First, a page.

Josh Mo
Rust and Web Dev with Josh


Rust and Web Dev with Josh


Can Rust Beat JavaScript in 2023?

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Josh Mo
·Apr 21, 2023·

9 min read

If you've been working with Rust for web development for a while, you'll more than likely know that stacking Rust frontend web development (via WASM) against JavaScript is a hotly debated topic - namely because there are a large number of people who perceive it to be "not production-ready" or "slower than JavaScript".

This may have been true in the past: it has historically been true that there is some overhead for JavaScript to make WASM calls because of WASM not being able to reach the DOM. However, currently this is of very little consequence; benchmark numbers show that Rust WASM frameworks like Leptos, and Dioxus (which uses Sledgehammer under the hood, a Javascript framework that is the 3rd fastest framework!) are ahead of most JavaScript frameworks like React and Vue. You can find the original benchmark testing here:

Frontend framework benchmarks

As you can see in the picture (though blurry) - the order follows vanilla Javascript, Sledgehammer (what Dioxus runs under the hood!), wasm-bindgen (the library that allows inter-op between WASM modules and Javascript), Solid.js, Vue with RxJS and then Leptos, Dioxus, LitJS and then Sycamore... and then Vue and React (and Yew). Clearly, there's something to be said here about the performance of how well Rust frontend frameworks perform over even some of the most popular JavaScript frameworks. You could of course, just write only pure JavaScript with no frameworks - however, whether that's something that can be advised is a different matter entirely.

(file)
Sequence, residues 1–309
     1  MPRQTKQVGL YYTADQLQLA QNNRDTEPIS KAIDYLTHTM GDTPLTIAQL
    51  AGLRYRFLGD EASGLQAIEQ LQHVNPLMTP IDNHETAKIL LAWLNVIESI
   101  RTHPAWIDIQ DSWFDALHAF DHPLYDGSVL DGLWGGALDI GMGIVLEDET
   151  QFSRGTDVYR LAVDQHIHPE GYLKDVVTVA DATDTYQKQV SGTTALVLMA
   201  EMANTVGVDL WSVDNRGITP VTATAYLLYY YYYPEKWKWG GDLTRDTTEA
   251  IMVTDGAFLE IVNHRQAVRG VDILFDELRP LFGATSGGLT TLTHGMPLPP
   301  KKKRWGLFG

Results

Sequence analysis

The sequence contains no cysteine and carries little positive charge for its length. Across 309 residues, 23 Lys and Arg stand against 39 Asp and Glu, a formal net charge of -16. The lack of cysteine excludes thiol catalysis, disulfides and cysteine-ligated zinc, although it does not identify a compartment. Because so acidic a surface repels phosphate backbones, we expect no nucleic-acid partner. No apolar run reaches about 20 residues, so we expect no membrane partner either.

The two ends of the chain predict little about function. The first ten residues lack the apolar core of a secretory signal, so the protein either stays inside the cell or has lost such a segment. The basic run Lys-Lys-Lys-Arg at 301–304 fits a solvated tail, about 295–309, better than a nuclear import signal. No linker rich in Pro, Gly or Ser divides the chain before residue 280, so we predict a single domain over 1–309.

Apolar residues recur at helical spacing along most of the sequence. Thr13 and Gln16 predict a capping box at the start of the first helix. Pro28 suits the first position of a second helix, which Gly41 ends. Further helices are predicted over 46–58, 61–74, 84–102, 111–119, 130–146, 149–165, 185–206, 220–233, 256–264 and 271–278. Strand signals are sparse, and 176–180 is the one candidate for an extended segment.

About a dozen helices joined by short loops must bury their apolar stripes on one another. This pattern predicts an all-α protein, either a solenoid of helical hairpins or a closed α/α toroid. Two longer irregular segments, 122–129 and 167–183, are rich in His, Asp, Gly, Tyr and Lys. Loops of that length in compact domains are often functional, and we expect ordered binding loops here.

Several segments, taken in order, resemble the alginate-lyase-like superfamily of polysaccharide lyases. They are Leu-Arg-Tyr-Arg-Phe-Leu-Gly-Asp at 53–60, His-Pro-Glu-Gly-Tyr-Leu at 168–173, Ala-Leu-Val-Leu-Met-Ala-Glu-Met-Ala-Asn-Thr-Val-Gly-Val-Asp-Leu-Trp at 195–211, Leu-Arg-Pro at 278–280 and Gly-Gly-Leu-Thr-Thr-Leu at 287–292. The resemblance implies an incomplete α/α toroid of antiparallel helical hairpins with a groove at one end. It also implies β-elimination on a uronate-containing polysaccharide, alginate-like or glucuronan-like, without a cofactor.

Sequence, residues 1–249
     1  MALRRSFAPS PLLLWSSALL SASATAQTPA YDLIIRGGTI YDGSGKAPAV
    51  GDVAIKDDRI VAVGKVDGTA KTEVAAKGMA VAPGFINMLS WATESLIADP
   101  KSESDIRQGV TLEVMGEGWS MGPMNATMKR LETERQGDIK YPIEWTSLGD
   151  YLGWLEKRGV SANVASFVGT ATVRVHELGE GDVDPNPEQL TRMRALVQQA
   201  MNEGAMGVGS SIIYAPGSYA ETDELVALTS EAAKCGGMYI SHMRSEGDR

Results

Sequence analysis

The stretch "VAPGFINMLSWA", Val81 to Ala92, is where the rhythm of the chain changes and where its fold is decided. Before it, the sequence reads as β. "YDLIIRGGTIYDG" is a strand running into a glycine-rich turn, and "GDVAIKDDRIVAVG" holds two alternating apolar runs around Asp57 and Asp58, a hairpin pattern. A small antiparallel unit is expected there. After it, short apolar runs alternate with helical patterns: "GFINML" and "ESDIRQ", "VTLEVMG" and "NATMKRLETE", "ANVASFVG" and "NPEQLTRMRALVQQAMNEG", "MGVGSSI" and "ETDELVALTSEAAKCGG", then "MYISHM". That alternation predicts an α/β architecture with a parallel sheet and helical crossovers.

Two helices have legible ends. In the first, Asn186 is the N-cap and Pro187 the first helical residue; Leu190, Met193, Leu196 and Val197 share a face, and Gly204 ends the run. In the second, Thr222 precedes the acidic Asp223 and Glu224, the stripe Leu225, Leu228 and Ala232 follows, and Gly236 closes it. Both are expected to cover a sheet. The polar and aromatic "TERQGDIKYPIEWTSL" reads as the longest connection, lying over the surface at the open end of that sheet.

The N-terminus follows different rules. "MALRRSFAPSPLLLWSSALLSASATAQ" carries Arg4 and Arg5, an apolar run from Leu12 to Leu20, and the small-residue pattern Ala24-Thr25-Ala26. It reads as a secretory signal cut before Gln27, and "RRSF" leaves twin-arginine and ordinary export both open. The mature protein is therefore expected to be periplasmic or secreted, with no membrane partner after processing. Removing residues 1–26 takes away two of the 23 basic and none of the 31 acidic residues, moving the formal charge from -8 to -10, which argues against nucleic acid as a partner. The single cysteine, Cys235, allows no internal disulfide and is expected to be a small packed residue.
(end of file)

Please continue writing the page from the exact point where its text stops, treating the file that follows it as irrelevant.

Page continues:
Let's look at the backend benchmarks from TechEmpower:

TechEmpower benchmarks

With 5 out of the top 10 top backend frameworks being written in Rust, it's clear that the power of Rust as a backend framework is self-explanatory, easily competing with C++. Some might say Rust is overkill for a backend service; however, where you get more performance, you can also save money by not requiring as much of a memory footprint as well as more service uptime with less crashes. This is a factor that shouldn't be underestimated as saving costs where possible from the perspective of a business is never a bad idea.

Despite the results though, it should of course be mentioned that speed and general performance are not the only factors that affect what our overall decision is when we're choosing a new framework. What about the developer experience? Error handling? How can we tackle things like SSR? These are all important questions that need answering if we want to make a final verdict on what we want to use and thankfully, Rust has answers.

Developer Experience

Despite what many people think, Rust nowadays is relatively forgiving to get into when it comes to web development. A lot of the code is somewhat similar to the JavaScript component style of web frameworks like React - let's have a quick dive into some component code from Leptos, a Rust web framework: